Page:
The collar bone, or clavicle, is located across the upper part of the chest, extending from the breast bone (sternum) to the shoulder blade (scapula). It is easy to feel the clavicle as there are no overlying muscles, just skin.
The clavicle is a common site to fracture, especially in the middle third of the bone. These injuries are common in children, adolescents and athletes and can also occur in babies as a result of birthing trauma.
The most common causes are:
• A fall onto an outstretched hand.
• A fall onto the shoulder.
• A direct blow to the clavicle.
After the clavicle is fractured, the sternocleidomastoid elevates the proximal fragment of the bone. The trapezius muscles are unable to hold up the distal fragment, owing to the weight of the upper limb, and thus the shoulder droops. The adductor muscles of the arm, such as the pectoralis major, may pull the distal fragment medially, causing the bone fragments to override.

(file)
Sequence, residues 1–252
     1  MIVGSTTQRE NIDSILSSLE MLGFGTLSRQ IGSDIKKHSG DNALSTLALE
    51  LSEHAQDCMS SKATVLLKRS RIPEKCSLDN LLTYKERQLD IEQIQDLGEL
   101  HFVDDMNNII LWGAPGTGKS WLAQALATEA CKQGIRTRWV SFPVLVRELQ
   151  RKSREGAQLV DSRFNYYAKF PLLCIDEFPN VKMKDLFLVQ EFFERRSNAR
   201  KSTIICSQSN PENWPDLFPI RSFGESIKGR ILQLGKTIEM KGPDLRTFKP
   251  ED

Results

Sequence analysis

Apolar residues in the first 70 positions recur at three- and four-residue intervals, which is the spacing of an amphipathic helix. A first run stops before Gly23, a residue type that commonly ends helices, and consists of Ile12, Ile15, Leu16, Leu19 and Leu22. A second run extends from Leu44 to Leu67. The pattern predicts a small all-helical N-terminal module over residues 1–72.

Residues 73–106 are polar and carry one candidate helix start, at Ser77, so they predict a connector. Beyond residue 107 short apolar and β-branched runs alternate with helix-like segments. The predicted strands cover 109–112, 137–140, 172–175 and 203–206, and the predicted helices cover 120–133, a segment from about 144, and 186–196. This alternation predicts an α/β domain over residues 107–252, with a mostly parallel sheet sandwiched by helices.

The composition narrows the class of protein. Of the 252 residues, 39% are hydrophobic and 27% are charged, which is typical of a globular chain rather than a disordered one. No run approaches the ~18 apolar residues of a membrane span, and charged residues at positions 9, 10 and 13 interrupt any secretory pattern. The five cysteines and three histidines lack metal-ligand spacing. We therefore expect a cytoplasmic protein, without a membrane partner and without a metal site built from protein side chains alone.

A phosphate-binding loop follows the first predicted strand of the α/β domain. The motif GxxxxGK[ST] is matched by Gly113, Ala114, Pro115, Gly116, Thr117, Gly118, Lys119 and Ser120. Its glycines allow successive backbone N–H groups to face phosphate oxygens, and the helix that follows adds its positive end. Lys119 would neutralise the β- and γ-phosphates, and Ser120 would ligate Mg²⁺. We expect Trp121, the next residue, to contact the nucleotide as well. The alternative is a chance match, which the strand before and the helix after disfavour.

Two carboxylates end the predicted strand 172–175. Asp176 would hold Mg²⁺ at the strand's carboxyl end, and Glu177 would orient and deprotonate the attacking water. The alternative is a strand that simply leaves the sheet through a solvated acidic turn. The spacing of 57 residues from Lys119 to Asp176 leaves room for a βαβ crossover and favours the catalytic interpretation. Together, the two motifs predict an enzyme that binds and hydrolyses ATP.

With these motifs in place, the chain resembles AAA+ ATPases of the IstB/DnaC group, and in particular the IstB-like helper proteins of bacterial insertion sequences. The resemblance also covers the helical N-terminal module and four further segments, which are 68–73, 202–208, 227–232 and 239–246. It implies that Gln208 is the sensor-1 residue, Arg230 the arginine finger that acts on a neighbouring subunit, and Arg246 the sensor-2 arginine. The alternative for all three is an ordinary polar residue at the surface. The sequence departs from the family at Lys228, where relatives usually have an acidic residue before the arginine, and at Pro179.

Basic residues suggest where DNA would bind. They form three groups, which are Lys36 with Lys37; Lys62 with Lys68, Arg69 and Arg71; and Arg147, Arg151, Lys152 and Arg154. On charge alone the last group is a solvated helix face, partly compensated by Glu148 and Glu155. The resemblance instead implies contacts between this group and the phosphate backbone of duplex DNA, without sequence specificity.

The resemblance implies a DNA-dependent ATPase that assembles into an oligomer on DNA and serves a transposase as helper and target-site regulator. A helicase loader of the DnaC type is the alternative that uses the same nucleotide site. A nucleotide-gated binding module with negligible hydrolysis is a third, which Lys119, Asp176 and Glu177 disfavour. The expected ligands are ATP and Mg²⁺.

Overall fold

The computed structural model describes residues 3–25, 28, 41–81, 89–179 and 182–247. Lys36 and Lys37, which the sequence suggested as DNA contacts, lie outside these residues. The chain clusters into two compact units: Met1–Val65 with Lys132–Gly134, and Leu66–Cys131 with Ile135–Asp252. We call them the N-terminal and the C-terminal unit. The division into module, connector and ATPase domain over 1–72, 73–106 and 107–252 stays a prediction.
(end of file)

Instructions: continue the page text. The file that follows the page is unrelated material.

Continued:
The symptoms of a clavicle fracture are pain, swelling, bruising and disability with an inability to move the fractured arm. After the swelling has subsided, the fracture can often be felt through the skin.
SHOULDER PAIN: COLLAR BONE FRACTURE TREATMENT
In the majority of cases, clavicular fractures are treated non-surgically with painkillers and by immobilising the arm in a sling, thus giving the injured bone time to heal and reunite. Follow up x-rays will then be performed to visualise union progression.
If the fracture results in the skin being penetrated, neurovascular injury, multiple fracture fragments or if the fracture fragments have not reunited, surgery will be the method of choice for treatment. A steel or titanium plate will then be utilised to stabilise the fracture site (Open Reduction Internal Plate Fixation).